Is this the best roster Guy Gadowsky has had at Penn State?
We’ve asked that question prior to every season the past few years, it seems. In the past three seasons, the Nittany Lions have been to two Big Ten Tournament championship games, winning one, and made back-to-back NCAA Tournament appearances, with a third just slipping out of reach last season.
No longer the “new kids on the block,” that level of success would make any coach, player or fan happy just seven years into a program’s history.
And yet, for three seasons now, it has felt as though Penn State still could have done more.
With the returning talent Gadowsky will have at his disposal, this could finally be that season.
After falling to Notre Dame in the Big Ten Tournament championship game last season, no one was quite sure what the offseason would bring for Penn State. There was plenty of speculation that some key performers would leave early for the pros, with the likes of starting goalie Peyton Jones and top line of Alex Limoges, Evan Barratt and Liam Folkes topping the list.
While Barratt’s game-breaking ability has brought him cult hero status at times and that line was perhaps the most dominant at its peak, Jones’ early departure would have been the most impactful. Though he has been inconsistent at times, the goaltending duties would have fallen to Oskar Autio and would-be incoming freshman Liam Soulière, with all of one career start in college between them.
Instead, Gadowsky has the most experienced starter in Penn State history back, allowing Autio to further adjust to college hockey and Soulière to hone his already highly touted craft with Victoria of the BCHL.
Jones, meanwhile, will put his program records even further out of reach and build a case for his potential as a professional.
While Penn State would surely miss the kind of spark Limoges, Barratt and Folkes can provide — especially against Wisconsin — the Nittany Lions would not lack in production without the three-headed monster.
The driving force behind Penn State’s success has been its depth scoring. Before Aarne Talvitie was injured midway through the season, the Nittany Lions had virtually four scoring lines. The New Jersey Devils’ draft pick was just under a point-per-game while playing fourth-line minutes. Were it not for that knee injury suffered in the gold medal game of the World Junior Championships, Talvitie would have also been a contender to leave early.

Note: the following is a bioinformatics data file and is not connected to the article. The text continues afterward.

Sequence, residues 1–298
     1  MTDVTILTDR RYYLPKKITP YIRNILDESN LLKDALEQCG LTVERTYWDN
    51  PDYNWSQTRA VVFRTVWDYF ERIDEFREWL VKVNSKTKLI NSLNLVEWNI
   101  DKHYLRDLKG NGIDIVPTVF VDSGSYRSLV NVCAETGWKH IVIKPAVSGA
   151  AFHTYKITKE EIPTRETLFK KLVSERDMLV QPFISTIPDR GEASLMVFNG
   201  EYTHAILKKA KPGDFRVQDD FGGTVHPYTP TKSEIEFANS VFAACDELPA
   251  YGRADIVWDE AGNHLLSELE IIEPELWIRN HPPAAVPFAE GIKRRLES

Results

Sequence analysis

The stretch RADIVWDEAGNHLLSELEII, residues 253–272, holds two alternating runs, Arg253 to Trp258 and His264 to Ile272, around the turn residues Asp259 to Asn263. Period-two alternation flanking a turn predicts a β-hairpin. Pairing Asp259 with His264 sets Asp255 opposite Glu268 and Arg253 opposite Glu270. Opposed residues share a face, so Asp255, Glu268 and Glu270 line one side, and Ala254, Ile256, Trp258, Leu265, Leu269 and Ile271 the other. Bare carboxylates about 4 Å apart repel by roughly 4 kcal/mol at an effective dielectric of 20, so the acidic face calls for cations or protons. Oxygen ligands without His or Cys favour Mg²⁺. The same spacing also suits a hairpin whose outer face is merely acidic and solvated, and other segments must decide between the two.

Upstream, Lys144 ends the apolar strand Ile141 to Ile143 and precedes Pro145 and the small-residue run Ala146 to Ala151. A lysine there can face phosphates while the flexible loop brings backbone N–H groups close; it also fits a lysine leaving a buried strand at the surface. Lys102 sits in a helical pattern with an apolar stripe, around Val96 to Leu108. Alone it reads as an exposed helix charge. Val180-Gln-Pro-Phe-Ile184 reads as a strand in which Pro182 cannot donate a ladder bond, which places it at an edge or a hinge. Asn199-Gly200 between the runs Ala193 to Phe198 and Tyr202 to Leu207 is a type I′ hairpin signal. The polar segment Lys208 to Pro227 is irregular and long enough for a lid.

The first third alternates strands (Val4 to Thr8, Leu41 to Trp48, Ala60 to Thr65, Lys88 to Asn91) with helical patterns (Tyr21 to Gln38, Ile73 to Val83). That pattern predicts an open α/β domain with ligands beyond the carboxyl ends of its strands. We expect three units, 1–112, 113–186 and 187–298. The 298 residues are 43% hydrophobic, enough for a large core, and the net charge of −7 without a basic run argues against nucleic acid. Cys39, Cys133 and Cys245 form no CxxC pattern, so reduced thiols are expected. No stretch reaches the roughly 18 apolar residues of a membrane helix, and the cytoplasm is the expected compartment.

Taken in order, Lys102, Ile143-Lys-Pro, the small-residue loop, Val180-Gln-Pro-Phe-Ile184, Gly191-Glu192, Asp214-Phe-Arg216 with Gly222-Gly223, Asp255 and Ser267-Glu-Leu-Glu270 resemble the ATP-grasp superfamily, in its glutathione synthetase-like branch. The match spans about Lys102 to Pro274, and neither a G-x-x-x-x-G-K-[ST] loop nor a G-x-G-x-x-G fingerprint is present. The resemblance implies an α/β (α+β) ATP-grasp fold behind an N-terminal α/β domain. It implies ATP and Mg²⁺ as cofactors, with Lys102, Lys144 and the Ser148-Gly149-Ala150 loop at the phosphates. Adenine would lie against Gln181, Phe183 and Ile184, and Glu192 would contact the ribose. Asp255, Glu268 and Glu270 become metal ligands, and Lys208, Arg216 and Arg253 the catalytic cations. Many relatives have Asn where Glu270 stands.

Senior Nikita Pavlychev will once again fill the fourth-line center role. After doubling his career point total last season, he should still be expected to chip in offensively, but will likely regress back closer to the respective 13 and 14 points he had as a freshman and sophomore.
Talvitie’s position change fills one of the two spots available down the middle following the departure of Chase Berger and Ludvig Larsson. Nate Sucese may also return to the position at which he started his Penn State career.
Sucese played on Larsson’s wing opposite Denis Smirnov for much of last season. Prior to that, he occupied the center role alongside Smirnov and Brandon Biro. Gadowsky may look to reignite that synergy as he forms his lineup this season.
Synergy shouldn’t be an issue on the blue line, as the Nittany Lions will only need to replace Kevin Kerr and Derian Hamilton. Kerr was a solid puck-moving defenseman when healthy, while Hamilton was in and out of the lineup during his time at Penn State.
Cole Hults — another strong candidate to depart early — and Paul DeNaples will form the top pairing, with DeNaples defensive reliability allowing Hults to push the pace of the game and join the attack, while Kris Myllari, James Gobetz, Evan Bell and Alex Stevens will make up the other two pairings.
Myllari and Gobetz have spent time together as Gadowsky’s shutdown pair. However, with Bell being more offensively-inclined and Stevens still working on his defensive game, it may be smarter for Gadowsky to pair one of the former with one of the latter.
No matter what lineup Gadowsky ultimately settles on, the Nittany Lions will have a strong blend of returning talent with an injection of youth that may carry the team to its first Frozen Four in program history.